June 16, 2016 2015-121
The Governor of California
President pro Tempore of the Senate
Speaker of the Assembly
Sacramento, California 95814
Dear Governor and Legislative Leaders:
As requested by the Joint Legislative Audit Committee, the California State Auditor presents this audit report concerning the policies and procedures for the planning, development, and implementation of the California Department of Veterans Affairs’ (CalVet) Enterprise-Wide Veterans Home Information System (system).
This report concludes that CalVet paid nearly $28 million for the implementation of a system that has not improved the veterans homes’ process for documenting medical care or reduced the homes’ reliance on paper records, as it was intended to do. In addition, system instability and concerns about functionality resulted in CalVet implementing fewer system functions at some homes than originally planned, thus limiting CalVet’s ability to provide more consistent, efficient care for veterans. CalVet’s project management failed to promptly identify and address the system’s functionality issues. Although it was aware of the problems as early as mid-2012, CalVet did not begin to address them until late 2013, and the steps it did take did not ultimately fix the problems. Further, although the California Department of Technology (Technology Department) facilitated the contract dispute negotiations between CalVet and the system contractor, it could not provide sufficient documentation to demonstrate its efforts to ensure that the agreements reached were in the best interests of the State.
Several key deficiencies contributed to CalVet’s failure to implement a system that meets its needs. CalVet did not exercise adequate oversight of its system project. Specifically, it did not complete or partially completed six of the 12 management oversight plans required by state policy for ensuring effective project management. For the six completed plans, CalVet fully followed only four. For instance, it did not consistently conduct impact analyses on change requests, and therefore was unable to demonstrate that it properly understood the impact of various change requests on the project’s costs, scope, and timelines. CalVet also hired an oversight contractor to provide both independent project oversight (IPO) and independent verification and validation services for its system project, but that oversight contractor’s work was inadequate, and by using the same contractor to perform both services, CalVet did not ensure it had effective oversight. The Technology Department also did not adequately fulfill its oversight responsibilities for CalVet’s system project. Specifically, it did not identify significant concerns with the system until August 2012. The Technology Department indicated that because of the nature of its oversight for this project—consisting of reviewing reports created by the oversight contractor—and because the reports did not indicate any critical errors with the project, the Technology Department did not raise any concerns. However, our information technology expert reviewed the IPO reports and indicated that they were consistently lacking in critical analysis, and that this omission alone should have been a red flag triggering the Technology Department’s closer review and inspection.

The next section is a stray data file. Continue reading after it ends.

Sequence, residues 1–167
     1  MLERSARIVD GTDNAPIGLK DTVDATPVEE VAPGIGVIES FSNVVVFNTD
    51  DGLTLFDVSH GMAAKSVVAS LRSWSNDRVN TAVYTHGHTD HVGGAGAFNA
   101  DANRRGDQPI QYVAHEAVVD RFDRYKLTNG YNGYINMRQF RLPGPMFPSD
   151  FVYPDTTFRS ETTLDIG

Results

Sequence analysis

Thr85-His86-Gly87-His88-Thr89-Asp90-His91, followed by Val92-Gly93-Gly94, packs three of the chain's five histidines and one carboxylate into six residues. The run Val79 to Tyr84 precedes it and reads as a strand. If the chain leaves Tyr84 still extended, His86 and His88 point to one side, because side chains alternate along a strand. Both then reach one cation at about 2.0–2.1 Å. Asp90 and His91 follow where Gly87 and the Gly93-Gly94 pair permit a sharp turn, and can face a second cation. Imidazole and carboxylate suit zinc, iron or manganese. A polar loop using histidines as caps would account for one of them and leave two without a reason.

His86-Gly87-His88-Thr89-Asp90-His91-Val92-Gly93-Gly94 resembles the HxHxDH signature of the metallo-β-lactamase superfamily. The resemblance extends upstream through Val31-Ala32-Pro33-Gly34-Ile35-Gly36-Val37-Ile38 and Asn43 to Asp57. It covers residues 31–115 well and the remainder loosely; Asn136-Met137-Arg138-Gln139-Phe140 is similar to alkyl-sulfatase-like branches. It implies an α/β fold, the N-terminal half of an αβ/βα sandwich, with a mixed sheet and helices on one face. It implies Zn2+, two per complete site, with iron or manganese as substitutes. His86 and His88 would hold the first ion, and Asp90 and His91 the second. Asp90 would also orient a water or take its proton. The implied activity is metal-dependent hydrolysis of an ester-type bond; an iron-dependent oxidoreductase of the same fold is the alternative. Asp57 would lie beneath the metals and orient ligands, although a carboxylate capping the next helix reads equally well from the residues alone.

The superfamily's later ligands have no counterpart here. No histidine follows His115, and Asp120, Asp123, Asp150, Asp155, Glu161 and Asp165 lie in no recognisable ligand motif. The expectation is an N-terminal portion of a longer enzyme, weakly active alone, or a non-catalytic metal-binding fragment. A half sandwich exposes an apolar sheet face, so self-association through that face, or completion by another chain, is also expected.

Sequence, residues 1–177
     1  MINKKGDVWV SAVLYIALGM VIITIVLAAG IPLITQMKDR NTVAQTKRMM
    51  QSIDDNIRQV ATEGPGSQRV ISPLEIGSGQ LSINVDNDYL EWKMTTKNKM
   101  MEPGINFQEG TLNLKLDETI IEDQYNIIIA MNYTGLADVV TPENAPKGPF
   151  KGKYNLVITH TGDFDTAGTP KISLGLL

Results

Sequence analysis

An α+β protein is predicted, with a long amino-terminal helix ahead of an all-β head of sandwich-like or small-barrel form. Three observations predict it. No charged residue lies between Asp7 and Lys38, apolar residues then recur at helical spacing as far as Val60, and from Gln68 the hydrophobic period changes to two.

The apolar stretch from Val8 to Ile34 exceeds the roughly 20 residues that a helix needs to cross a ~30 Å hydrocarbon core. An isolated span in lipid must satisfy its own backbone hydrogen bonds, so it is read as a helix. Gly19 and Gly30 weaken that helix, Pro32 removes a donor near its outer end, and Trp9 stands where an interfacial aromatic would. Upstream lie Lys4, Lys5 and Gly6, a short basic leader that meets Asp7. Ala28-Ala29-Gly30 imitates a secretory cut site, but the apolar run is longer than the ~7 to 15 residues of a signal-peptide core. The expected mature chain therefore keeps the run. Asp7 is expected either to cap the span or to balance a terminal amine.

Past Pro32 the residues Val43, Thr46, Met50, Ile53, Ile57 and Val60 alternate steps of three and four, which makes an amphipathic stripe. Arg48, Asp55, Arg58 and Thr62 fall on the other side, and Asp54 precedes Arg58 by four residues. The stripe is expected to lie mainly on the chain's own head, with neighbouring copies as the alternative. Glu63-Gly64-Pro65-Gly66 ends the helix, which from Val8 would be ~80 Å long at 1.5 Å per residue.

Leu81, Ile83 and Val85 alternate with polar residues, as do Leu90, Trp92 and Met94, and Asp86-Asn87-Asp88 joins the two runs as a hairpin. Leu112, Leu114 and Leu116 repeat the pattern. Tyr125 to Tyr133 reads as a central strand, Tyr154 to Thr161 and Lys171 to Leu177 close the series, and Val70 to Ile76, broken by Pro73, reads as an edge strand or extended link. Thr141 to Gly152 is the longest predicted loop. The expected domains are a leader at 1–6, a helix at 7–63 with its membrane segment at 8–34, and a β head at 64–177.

ELAINE M. HOWLE, CPA